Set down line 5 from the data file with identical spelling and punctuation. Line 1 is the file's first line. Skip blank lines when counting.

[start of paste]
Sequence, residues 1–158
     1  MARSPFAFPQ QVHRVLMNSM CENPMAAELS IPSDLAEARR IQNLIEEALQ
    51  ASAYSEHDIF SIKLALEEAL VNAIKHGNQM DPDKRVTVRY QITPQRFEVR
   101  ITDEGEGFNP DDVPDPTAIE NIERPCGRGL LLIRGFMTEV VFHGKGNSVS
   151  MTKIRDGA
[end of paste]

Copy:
   151  MTKIRDGA